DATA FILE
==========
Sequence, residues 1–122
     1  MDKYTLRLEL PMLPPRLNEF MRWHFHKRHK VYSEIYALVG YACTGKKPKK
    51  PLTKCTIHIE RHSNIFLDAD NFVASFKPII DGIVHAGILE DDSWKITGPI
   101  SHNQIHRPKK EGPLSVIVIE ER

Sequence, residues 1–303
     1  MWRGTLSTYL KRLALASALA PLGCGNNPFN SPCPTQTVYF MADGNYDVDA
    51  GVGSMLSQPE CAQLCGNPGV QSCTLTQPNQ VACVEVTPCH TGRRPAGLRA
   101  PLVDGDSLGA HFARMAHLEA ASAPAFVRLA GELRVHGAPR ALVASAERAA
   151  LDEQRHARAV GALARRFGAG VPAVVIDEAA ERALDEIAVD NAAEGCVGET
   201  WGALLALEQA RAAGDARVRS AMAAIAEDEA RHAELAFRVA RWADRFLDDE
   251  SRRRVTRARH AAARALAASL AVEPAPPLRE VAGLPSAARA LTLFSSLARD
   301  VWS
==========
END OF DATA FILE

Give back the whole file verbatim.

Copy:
Sequence, residues 1–122
     1  MDKYTLRLEL PMLPPRLNEF MRWHFHKRHK VYSEIYALVG YACTGKKPKK
    51  PLTKCTIHIE RHSNIFLDAD NFVASFKPII DGIVHAGILE DDSWKITGPI
   101  SHNQIHRPKK EGPLSVIVIE ER

Sequence, residues 1–303
     1  MWRGTLSTYL KRLALASALA PLGCGNNPFN SPCPTQTVYF MADGNYDVDA
    51  GVGSMLSQPE CAQLCGNPGV QSCTLTQPNQ VACVEVTPCH TGRRPAGLRA
   101  PLVDGDSLGA HFARMAHLEA ASAPAFVRLA GELRVHGAPR ALVASAERAA
   151  LDEQRHARAV GALARRFGAG VPAVVIDEAA ERALDEIAVD NAAEGCVGET
   201  WGALLALEQA RAAGDARVRS AMAAIAEDEA RHAELAFRVA RWADRFLDDE
   251  SRRRVTRARH AAARALAASL AVEPAPPLRE VAGLPSAARA LTLFSSLARD
   301  VWS